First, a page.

One of the truly surprising facts about the evangelical Christian movement today is that it’s composed of some decent people. Just as not all Muslims are jihadists and extremists, not all Christians are Christofascists.
As a former evangelical I have special insights into that world that some others without my experience may lack. I remember what it was like, seeing patterns where none existed, believing what I was told without evidence, and, most insidious of all, recognising the inevitable end of the world as a good thing, a thing to be hoped for.
I will let you in on a little secret, though. Many of us privately didn’t want the world to end. We liked the drama and the pathos of the idea, of course, but the actual end of the world per se was a thing we could really do without. We had plans, plans that included Sunday brunch after service if nothing else. We didn’t really want people to die and go to hell, which is why we almost never talked about it. We were, in short, in a state of perpetual denial about the very things we so ardently pretended to believe.
But since we could mould our beliefs into something comfortable and easy to live with we didn’t have to worry about the apparent contradictions that were growing up around us, growing up at an alarming rate. Many in the movement were becoming fanatical, and many wanted power. Evangelical Christianity became a training ground for believing and sustaining evil contradictions.
The nice people among us composed the members of the congregation who were asleep in the midst of these people, people who were all about greed and a headlong grab for power. We were the sheep in the midst of the wolves, the people who (perhaps) deserved forgIveness because we really knew not what we did.
We voted Republican without questioning it. We were told Ronald Reagan was one of us and we believed it. We sustained that falsehood in the face of another falsehood: that Jimmy Carter had been most emphatically not one of us. The opposite was really the truth, of course. The key was the political party. Republicans were becoming inextricably linked to Christianity. Over time that bond became stronger and stronger, until Republicanism and Christianity — or at least evangelical Christianity — became the very same thing.
I was long gone from the movement by the time that happened. But I saw the early stirrings of the trend. I’d like to say it alarmed me but it didn’t, really. It was only later, after I’d got out of the movement and became a political liberal, that I started to make the connection.
I don’t know why it took me so long. Perhaps I was naive. But in my own defense I will say this: I was not alone. There were many fundamentally decent people just like me who simply didn’t see what was happening around them. After all, are fish aware of water?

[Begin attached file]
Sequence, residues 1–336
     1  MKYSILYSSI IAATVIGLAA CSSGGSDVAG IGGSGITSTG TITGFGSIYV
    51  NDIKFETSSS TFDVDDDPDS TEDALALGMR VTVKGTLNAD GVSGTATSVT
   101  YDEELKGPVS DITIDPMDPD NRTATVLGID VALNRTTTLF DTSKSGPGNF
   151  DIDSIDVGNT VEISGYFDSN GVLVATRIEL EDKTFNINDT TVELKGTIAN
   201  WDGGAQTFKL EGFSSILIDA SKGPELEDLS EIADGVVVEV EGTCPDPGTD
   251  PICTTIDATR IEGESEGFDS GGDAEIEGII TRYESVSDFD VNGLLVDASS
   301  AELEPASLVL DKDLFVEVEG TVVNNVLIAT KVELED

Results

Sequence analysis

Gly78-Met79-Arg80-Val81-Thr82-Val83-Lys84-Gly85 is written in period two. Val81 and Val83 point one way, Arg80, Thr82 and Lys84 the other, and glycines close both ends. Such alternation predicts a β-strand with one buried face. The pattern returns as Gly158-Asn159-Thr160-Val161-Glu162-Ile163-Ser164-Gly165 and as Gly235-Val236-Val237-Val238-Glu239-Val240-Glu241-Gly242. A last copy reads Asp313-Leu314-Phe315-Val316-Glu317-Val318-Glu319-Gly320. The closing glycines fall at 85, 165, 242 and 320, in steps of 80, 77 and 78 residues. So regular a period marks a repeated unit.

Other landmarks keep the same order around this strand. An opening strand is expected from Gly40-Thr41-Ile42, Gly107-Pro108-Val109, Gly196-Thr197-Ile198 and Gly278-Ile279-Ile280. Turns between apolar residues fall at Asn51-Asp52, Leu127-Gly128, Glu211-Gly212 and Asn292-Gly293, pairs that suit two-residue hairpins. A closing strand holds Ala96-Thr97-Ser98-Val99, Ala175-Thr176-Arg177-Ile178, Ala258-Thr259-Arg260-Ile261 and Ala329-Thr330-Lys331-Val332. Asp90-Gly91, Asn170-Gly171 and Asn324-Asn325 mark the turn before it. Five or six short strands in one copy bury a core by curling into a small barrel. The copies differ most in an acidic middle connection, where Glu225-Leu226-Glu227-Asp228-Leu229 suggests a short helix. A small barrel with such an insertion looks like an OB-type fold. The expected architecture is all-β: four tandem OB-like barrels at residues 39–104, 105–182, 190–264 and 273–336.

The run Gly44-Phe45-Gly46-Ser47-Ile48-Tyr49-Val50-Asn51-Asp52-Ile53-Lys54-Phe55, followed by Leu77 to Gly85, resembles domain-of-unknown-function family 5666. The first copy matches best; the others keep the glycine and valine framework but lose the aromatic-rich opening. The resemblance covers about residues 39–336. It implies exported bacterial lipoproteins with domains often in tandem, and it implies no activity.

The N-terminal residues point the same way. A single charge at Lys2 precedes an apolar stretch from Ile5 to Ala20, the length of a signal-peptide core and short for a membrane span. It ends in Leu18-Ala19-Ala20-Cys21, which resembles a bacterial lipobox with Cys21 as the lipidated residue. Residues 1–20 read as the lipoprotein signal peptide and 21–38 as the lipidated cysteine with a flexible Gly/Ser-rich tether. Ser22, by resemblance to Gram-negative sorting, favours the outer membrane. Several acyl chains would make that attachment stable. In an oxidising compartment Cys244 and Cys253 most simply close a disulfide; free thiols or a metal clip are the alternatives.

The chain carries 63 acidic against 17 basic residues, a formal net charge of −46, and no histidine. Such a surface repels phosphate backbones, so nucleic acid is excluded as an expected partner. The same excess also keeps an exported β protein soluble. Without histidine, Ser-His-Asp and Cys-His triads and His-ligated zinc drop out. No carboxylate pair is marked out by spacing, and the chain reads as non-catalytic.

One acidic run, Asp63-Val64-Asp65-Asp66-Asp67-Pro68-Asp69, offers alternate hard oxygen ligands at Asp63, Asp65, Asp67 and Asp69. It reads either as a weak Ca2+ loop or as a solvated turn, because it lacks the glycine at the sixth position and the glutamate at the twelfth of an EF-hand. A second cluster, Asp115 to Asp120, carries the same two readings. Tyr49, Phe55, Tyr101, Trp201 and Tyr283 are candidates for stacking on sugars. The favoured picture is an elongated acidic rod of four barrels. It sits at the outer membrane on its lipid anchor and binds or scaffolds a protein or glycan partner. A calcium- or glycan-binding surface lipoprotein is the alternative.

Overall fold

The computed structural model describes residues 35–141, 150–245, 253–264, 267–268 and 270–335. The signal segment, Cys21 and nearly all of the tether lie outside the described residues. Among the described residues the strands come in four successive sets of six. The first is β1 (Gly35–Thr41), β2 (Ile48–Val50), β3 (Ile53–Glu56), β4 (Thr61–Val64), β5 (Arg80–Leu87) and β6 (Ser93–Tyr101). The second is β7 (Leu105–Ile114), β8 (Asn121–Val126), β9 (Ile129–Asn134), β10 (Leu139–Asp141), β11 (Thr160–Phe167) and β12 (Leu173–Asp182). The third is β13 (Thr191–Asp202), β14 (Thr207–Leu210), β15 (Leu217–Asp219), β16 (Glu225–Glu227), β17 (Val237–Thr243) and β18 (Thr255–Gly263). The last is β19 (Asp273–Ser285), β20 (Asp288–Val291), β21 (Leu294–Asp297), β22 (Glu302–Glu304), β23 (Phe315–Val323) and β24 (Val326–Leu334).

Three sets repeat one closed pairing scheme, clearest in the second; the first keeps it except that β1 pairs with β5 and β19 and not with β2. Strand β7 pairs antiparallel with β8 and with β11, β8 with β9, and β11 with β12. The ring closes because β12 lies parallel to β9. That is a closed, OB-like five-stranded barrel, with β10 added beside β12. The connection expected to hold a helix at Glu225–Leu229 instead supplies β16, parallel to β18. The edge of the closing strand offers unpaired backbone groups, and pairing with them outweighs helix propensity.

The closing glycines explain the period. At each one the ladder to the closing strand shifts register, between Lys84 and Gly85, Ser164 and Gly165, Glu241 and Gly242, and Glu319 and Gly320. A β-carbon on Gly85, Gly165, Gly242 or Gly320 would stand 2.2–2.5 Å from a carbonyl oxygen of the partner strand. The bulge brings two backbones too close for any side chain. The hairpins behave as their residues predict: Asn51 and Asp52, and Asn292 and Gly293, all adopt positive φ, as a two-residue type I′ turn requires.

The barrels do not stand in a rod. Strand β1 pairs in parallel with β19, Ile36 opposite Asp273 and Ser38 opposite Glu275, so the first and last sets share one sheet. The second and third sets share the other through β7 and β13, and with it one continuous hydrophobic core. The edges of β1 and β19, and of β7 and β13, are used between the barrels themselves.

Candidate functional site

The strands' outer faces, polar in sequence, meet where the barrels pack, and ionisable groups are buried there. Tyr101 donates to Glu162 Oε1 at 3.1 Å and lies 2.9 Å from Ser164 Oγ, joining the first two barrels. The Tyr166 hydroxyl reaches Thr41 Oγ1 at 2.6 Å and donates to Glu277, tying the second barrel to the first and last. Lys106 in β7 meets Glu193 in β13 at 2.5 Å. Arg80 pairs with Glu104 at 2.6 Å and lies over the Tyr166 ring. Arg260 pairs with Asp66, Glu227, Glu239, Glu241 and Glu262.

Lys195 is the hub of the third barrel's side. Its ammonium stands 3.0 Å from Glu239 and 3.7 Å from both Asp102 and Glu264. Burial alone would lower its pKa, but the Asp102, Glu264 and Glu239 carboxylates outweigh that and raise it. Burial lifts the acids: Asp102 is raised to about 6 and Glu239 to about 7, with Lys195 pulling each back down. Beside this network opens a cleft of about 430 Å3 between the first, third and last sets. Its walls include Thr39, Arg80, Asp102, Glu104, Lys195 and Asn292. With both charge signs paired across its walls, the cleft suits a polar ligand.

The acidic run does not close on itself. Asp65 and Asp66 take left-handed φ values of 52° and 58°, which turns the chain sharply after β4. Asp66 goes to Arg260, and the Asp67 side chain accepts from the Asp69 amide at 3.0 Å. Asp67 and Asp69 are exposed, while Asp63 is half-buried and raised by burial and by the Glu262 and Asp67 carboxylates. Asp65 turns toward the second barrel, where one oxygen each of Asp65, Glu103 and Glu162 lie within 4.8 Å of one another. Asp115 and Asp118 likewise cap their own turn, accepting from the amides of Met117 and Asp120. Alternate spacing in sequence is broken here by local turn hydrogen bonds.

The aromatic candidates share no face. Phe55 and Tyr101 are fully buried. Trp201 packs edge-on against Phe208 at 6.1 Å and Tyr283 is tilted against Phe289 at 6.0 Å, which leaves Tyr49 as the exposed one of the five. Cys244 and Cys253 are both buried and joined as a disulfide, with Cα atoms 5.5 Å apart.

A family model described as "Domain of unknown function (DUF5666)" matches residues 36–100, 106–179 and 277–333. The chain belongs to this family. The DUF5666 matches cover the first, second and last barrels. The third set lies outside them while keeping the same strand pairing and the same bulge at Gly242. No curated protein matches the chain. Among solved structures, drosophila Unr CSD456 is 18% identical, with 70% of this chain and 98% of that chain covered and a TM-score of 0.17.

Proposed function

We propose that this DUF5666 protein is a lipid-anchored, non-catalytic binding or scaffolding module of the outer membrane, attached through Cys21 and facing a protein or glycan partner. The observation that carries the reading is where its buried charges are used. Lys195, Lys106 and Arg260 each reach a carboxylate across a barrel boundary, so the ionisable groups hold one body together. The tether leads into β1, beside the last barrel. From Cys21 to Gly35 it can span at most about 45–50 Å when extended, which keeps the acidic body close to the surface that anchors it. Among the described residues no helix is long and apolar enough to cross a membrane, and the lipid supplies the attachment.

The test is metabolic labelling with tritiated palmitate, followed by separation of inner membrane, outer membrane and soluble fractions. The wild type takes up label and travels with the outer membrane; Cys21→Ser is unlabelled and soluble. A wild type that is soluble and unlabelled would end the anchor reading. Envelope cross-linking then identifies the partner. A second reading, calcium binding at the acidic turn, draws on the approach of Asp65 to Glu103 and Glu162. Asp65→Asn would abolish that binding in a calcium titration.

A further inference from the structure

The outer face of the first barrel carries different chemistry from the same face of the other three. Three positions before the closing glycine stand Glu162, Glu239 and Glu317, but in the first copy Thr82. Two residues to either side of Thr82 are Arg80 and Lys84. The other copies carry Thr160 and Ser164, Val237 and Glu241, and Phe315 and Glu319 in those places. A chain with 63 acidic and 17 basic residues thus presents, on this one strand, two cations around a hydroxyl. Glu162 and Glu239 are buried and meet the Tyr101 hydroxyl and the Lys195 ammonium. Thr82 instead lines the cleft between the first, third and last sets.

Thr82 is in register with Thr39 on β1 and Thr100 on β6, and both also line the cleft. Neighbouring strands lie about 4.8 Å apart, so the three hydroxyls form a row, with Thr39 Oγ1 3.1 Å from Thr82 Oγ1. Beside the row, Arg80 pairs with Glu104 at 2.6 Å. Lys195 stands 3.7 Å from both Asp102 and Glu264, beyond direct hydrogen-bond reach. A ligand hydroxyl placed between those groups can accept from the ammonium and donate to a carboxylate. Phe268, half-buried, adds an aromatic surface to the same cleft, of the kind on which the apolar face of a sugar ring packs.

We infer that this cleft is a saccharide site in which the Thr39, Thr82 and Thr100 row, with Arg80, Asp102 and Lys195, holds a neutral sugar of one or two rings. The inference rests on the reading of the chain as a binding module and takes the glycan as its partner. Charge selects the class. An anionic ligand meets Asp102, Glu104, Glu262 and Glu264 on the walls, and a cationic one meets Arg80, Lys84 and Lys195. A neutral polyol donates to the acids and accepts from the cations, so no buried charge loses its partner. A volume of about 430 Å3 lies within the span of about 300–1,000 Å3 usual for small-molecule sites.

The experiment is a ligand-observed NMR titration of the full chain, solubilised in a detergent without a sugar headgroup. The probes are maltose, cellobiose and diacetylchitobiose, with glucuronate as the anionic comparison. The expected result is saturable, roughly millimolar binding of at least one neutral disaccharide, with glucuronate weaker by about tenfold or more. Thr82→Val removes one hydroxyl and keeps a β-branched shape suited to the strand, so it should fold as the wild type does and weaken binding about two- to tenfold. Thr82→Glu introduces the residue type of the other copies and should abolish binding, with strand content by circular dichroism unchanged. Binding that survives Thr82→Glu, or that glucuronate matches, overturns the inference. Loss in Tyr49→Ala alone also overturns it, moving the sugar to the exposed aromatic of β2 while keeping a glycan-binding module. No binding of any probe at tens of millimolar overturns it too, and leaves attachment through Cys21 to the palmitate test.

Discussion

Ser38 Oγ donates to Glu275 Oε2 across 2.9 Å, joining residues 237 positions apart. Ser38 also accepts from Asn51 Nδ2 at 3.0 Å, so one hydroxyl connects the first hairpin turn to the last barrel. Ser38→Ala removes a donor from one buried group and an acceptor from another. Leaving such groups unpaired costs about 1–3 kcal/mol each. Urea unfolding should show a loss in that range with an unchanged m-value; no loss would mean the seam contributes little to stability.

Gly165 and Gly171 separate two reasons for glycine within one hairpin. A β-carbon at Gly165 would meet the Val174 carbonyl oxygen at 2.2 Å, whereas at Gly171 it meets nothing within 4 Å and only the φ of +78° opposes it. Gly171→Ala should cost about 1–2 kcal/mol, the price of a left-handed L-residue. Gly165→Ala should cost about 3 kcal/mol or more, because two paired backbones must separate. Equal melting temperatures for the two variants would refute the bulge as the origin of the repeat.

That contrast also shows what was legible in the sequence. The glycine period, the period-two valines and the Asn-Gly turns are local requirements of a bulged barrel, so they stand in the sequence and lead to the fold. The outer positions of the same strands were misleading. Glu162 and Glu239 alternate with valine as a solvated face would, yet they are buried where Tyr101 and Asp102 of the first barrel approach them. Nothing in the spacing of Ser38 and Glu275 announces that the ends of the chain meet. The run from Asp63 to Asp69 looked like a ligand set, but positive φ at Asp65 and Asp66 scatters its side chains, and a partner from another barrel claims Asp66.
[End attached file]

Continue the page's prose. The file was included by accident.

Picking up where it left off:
It seems obvious now. On some level I think we knew that Ronald Reagan was just paying lip service to Christianity because he knew we were the key to power. And that key became stronger and stronger over time.
There is one thing that Christianity seems to do that no other philosophy I know of does better. It lowers the IQ. Donald Trump’s mugging for the camera with a Bible is nothing short of laughable. His claim that the Bible is his favourite book is an open joke. When asked to name a single verse in it he can’t do it. That this thrice married conman who paid for 8 abortions that we know about is universally accepted as a Christian by evangelicals is beyond amazing. His contempt for the teachings of Christ is something he never tries to hide, because he knows he doesn’t have to.
Today it is much harder to remain a good person inside Christianity. One person who has done it is Pastor John Pavlovitz, a man who has become more and more progressive as many of his fellow Christians have become more and more reactionary. Pavlovitz enunciates what he calls the Christofascist warning and it goes like this: “If the 2022 midterms elections allow Republicans to gain control of Congress, Conservative Christians will decimate this nation, and LGBTQ people, Muslims, women, people of color, and non-Christians will never have equality under the law again. We will all be at their mercy—and they will no longer have use for mercy.”
It’s a stern warning, and a reminder of why so much is at stake in the coming election. Remember to go to the polls in November and bring as many people to the polls with you as you possibly can. It’s essential that we defeat the bringers of tyranny and intolerance. And, as ever, ladies and gentlemen, brothers and sisters, comrades and friends, stay safe.
Robert Harrington is an American expat living in Britain. He is a portrait painter.